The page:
Pulmonaria: how to grow, plus 13 of the best varieties
Popular with bees for their nectar-rich flowers in spring, pulmonarias look wonderful planted with bergenias and geraniums. Gardener and author Matthew Biggs gives advice on how to grow these hardy plants and recommends his favourite varieties. Photographs Jason Ingram
For centuries, Pulmonaria was grown in gardens as a medicinal plant, as it was thought that an infusion of the leaves would act as a treatment for lung ailments.
They didn’t become widespread for ornamental use until the late, great gardener Margery Fish began enthusing about their virtues in her books based on the garden she created at East Lambrook Manor in Somerset, in the early 1960s. In Cottage Garden Flowers she records how welcome they are in the early spring garden ‘often rising above the snow and fluttering unconcernedly in the bitter winds of March’. In a later book Ground Cover Plants, she advises a practical use for the coral-flowered species: ‘P. rubra has luxuriant leaves and there will be no weeds where it grows’.
What Evergreen, semi-evergreen or deciduous herbaceous perennial members of the Boraginaceae family. Clump-forming or spreading to 30cm tall. The leaves vary from narrow and lance-shaped to heart-shaped, and the flowers are carried on short, usually unbranched, stems just above the foliage.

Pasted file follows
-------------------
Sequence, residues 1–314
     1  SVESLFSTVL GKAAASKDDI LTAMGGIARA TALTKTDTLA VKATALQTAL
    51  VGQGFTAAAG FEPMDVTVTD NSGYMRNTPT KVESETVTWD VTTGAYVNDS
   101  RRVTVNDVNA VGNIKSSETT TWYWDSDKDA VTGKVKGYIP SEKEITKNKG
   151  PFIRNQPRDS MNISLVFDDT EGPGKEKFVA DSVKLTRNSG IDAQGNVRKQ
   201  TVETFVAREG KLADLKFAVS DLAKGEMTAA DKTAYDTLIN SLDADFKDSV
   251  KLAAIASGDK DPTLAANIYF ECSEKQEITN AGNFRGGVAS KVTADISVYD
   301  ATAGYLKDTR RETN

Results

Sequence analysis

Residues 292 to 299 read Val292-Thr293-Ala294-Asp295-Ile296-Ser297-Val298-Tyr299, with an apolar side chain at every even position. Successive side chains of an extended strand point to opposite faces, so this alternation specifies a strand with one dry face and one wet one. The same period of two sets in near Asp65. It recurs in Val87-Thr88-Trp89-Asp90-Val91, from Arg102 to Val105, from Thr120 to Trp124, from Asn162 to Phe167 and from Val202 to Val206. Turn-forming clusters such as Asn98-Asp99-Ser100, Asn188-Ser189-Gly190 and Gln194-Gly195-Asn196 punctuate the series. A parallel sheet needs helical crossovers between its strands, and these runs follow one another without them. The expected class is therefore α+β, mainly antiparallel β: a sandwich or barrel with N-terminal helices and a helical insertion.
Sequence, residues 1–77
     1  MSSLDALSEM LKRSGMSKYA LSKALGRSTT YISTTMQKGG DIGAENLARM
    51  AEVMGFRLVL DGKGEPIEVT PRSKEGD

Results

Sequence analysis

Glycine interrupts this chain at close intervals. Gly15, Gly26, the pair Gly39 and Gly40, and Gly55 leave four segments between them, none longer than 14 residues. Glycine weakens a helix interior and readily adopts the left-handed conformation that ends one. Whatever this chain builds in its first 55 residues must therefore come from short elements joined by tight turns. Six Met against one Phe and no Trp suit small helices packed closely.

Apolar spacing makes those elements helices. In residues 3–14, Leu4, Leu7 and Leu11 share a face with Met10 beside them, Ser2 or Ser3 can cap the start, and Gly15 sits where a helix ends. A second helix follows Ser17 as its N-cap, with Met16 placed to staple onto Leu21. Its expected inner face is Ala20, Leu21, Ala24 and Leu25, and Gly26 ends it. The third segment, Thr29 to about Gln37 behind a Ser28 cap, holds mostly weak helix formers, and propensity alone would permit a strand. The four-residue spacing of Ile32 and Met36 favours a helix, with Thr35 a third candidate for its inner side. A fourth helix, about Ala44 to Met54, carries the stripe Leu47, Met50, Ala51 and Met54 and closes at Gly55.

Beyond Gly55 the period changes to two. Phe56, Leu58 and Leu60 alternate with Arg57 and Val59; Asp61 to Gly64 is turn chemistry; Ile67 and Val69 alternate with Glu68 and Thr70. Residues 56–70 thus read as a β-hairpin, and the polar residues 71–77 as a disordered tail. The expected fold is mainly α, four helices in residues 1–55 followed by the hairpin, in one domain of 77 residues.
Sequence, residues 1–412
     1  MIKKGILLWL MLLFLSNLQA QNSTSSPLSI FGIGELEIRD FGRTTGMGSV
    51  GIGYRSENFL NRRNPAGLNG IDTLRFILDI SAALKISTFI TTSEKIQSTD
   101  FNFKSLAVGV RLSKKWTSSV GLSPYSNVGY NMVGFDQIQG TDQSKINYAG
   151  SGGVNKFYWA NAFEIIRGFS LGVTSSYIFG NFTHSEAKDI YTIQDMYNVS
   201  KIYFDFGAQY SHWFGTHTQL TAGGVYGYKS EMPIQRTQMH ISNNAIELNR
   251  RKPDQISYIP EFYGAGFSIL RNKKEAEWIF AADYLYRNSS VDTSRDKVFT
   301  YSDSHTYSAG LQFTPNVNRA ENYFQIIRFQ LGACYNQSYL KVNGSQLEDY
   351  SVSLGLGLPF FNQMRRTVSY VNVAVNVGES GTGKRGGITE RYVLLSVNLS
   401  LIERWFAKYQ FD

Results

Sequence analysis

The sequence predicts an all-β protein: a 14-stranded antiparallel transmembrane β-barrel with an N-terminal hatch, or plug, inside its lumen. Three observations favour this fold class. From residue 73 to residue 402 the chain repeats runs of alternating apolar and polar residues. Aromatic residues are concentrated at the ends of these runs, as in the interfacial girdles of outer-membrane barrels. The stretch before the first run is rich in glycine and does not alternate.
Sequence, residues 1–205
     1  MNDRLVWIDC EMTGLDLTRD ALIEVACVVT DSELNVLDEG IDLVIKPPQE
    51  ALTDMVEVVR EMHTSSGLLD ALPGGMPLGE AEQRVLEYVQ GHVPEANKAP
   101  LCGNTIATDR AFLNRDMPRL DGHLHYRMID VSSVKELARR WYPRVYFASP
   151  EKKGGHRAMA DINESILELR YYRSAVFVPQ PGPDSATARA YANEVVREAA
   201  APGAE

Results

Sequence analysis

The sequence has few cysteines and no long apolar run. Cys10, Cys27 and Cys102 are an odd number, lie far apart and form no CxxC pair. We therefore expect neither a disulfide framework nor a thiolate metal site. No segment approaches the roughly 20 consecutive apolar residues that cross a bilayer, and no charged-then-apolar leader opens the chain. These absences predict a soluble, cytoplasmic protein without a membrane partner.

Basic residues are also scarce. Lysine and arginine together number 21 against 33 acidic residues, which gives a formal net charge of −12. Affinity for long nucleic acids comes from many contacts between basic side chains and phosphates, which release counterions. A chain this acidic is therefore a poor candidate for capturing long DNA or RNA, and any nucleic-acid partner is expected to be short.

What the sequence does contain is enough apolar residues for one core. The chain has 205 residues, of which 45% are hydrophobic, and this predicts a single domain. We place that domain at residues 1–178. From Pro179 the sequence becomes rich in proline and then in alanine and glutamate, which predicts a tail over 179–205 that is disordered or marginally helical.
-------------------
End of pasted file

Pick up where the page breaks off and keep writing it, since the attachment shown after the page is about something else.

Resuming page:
Origins Pulmonarias are widely distributed in Europe and western Asia in mountains and moist, shady places. The genus is composed of 18 species but only eight are known in cultivation.
Season Flowers appear at any time from late winter to mid spring, lasting in a few cases, until early summer. The ornamental leaves are a feature during the growing season or beyond in evergreen forms.
Hardiness Most are hardy down to -40ºC, with some tolerating -45ºC. Most suffer at temperatures above 20ºC.
Nectar-rich and appearing at a time of year when flowers are scarce, pulmonarias are very popular with bees. Their propensity to hybridise and self-seed freely has led to a host of cultivars appearing as chance seedlings in gardens and nurseries, including Pulmonaria ‘Barfield Regalia’, a large-leaved semi-evergreen, with violet blue to dark blue flowers.
Newer cultivars have arrived as a result of specific breeding programmes, particularly in the USA during the early part of this century. Plants are still being selected for their traditional virtues of flower colour, and leaf markings, but the spots and splashes have now extended to producing cultivars in a new style where the whole leaf is predominantly silvery-grey. This contrasts well with summer-flowering, shade-loving plants, such as herbaceous geraniums.
Pulmonarias also look wonderful planted with bergenias, such as ‘Overture’, which holds magenta flowers above scarlet stems in mid spring and the leaves of which turn dark claret in cold weather, or ‘Bressingham Ruby’, which boasts a fanfare of deep ruby leaves in winter, with crimson undersides, red stems and rose-pink flowers.
Pale-flowered and silver-leaved pulmonarias contrast well with dark-leaved heucheras, such as ‘Obsidian’ or they can break up the sultry forms of dark Helleborus x hybridus.